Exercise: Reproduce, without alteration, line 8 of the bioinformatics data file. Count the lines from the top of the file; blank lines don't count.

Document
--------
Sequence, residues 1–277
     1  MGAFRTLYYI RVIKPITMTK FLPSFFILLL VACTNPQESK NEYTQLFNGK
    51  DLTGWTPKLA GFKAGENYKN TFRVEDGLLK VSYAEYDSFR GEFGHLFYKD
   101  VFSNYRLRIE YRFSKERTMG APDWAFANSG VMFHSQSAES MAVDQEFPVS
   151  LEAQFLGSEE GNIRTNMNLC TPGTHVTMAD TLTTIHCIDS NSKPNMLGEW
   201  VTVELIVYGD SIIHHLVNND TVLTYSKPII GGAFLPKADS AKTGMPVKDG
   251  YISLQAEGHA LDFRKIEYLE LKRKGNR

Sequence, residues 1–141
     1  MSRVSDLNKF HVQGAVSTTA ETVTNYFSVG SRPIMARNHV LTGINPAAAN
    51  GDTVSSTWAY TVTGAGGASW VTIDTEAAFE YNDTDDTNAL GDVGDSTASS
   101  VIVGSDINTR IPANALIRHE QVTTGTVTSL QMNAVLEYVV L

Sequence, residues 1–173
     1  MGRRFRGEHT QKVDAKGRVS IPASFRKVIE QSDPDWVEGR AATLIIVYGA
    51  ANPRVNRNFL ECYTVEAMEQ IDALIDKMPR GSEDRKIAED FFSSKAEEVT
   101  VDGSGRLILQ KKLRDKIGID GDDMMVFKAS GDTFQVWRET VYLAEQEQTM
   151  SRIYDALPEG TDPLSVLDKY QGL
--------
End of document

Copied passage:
Sequence, residues 1–141